Americans are showing their true spirit and donating at record-breaking levels to support those suffering because of the devastation of hurricanes and other natural disasters. It should come as no surprise – Americans are the most charitable people on earth, and when fellow Americans are in need we all rise to the occasion. It is part of our culture that it feels better to give than to receive, and charitable donations allow people to make a significant difference. It’s important to donate generously to support the organizations doing the hard work in all of the impacted communities. However, it also important to be well informed as you make your donations and provide other means of support.

When giving, choose a charity that is active now in the impacted areas. We will provide updates on those of our DMA Nonprofit Federation member organizations providing aid. DMA CEO Tom Benton recently posted a blog with organizations working on hurricane relief efforts. If you are interested in a charity that you haven’t heard of, consider the following basic tips:

  1. Don’t be afraid to ask – “How will my donation be used?” The organization should provide detailed information up front and a contact reference after the campaign. An organization’s website is usually the place to find information about how your donation will be used. Be wary if you cannot easily find contact information so that you can get questions answered.
  2. Feel free to ask for financial information from the organization. For most organizations, IRS Form 990’s are available online at In all events, any organization should provide you with either its annual report or IRS Form 990 upon request. Ask a new organization or a religious organization (many religious organizations are not required to file Form 990) what financial information is currently available. Legitimate organizations want to be transparent and open about their finances and their results because they know they will receive additional support as a trusted organization.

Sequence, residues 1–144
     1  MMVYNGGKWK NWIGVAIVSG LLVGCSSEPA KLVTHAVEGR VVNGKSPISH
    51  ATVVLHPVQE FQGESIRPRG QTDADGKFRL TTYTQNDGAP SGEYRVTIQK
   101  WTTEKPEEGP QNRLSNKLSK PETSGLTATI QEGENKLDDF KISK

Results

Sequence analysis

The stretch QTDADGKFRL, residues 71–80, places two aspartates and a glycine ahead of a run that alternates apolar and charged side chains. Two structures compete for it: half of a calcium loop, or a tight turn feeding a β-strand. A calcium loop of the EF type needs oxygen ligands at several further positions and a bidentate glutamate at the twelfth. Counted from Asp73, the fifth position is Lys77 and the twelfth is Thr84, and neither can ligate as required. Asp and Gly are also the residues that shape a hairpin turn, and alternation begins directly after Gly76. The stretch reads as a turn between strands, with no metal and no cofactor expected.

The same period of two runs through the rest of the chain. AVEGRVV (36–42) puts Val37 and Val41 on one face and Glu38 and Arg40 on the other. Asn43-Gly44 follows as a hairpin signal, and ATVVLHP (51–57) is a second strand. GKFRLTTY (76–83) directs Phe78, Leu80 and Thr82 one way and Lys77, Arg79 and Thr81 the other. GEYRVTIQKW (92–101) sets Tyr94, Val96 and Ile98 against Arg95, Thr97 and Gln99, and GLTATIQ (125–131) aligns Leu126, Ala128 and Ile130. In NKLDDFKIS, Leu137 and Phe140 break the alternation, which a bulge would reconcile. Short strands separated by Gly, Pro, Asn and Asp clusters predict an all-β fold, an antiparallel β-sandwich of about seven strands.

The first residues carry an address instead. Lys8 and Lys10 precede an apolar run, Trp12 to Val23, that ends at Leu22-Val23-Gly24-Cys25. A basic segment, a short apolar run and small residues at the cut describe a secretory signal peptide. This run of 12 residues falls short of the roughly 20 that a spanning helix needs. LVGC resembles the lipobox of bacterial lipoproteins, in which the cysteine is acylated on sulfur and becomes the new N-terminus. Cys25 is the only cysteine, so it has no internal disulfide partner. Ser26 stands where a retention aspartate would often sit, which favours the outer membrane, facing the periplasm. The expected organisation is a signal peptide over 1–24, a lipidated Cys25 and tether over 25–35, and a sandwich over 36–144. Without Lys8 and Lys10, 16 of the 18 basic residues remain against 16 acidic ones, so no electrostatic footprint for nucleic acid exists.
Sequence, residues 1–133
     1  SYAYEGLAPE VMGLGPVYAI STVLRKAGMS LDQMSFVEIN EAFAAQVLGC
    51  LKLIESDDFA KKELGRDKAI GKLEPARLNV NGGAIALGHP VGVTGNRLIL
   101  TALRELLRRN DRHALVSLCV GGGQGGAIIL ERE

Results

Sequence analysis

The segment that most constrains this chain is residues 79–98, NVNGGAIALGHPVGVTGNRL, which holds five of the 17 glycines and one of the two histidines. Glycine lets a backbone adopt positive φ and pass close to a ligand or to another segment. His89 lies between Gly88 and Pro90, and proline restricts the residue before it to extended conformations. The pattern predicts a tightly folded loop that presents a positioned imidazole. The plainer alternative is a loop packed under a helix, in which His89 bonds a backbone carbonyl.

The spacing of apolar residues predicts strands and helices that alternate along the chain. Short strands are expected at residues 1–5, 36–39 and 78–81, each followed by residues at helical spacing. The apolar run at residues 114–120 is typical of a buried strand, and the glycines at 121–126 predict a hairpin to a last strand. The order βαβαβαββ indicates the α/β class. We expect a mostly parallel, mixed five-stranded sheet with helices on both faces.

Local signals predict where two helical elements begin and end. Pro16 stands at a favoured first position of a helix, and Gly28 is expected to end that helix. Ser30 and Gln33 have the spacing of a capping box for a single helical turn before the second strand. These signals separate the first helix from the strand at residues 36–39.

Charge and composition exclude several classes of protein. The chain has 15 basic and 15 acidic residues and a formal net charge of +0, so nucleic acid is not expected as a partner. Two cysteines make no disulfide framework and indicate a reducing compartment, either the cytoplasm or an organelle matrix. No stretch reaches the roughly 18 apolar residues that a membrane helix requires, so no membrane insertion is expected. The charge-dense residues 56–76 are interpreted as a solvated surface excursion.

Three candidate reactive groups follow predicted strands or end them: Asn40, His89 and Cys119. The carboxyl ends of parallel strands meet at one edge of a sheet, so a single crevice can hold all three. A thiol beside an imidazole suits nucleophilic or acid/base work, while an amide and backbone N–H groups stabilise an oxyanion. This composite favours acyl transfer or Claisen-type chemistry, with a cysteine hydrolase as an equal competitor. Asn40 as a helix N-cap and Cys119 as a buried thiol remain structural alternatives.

3. Donate by check or credit card: Legitimate organizations will always take a check or credit card. Be cautious if you are considering donating cash to organizations with which you are not already familiar.
  4. Protect your data. The organization should have a clear privacy policy for the use of personal information it collects. The privacy policy is located on the organization’s website. Sensitive personal information such as your social security number, your mother’s maiden name, and PIN access are not sought by legitimate organizations.
  5. Be cautious of high-pressure tactics! Legitimate organizations are professional and courteous when asking for your support.
  6. If you are contacted by telephone, ask about the caller’s relationship to the organization. A legitimate organization may use the services of professional fundraisers, volunteers, and staff, depending on the needs of that particular organization. In all instances, a donor should expect that callers readily explain who they are and why they are calling. Ask for the caller’s callback information and address if there is cause for concern.
  7. Be careful of email spoofing. When donating online, be careful of “spoofing,” which is accomplished by clicking on a link from an e-mail that appears to be sent from a legitimate source. The e-mail may have the logo and even the correct “sent from” source. Furthermore, the site link may even look like the real organization. To avoid this, go to the organization’s web site directly. If you are unsure of the web address, go to your favorite search engine and enter the organization’s name.
  8. Secure your online donations. When donating online, make sure that you enter your personal information only on a site that is secured. Secured sites will have the “lock” icon in your browser.
  9. Don’t be afraid to get expert advice: State officials monitor charitable activity – and today most states require charitable organizations that solicit funds from the public to register, usually with either the Attorney General or Secretary of State. The respective office in your state can tell you if an organization is registered with the state (each state affords registration exemptions to religious and a variety of other organization types). If you believe fraudulent activity is taking place, please report it immediately to prevent further harm. Contact information for these offices, including links to the respective Web sites can be found at If your state is not listed, call your attorney general’s consumer assistance line.
  10. Giving to accountable organizations is vitally important. Finally, if a solicitation from an organization you do not know concerns you, reach out to learn more. Legitimate organizations will provide you with detailed information upon request—although they may need to provide further updates if they are in the midst of providing immediate help due to the emergency. If you are not satisfied with the response, send your donation to an organization you know and trust – giving with your heart should be tempered with your good judgement.

For questions or comments, contact Xenia “Senny” Boone, DMANF Executive Director & General Counsel (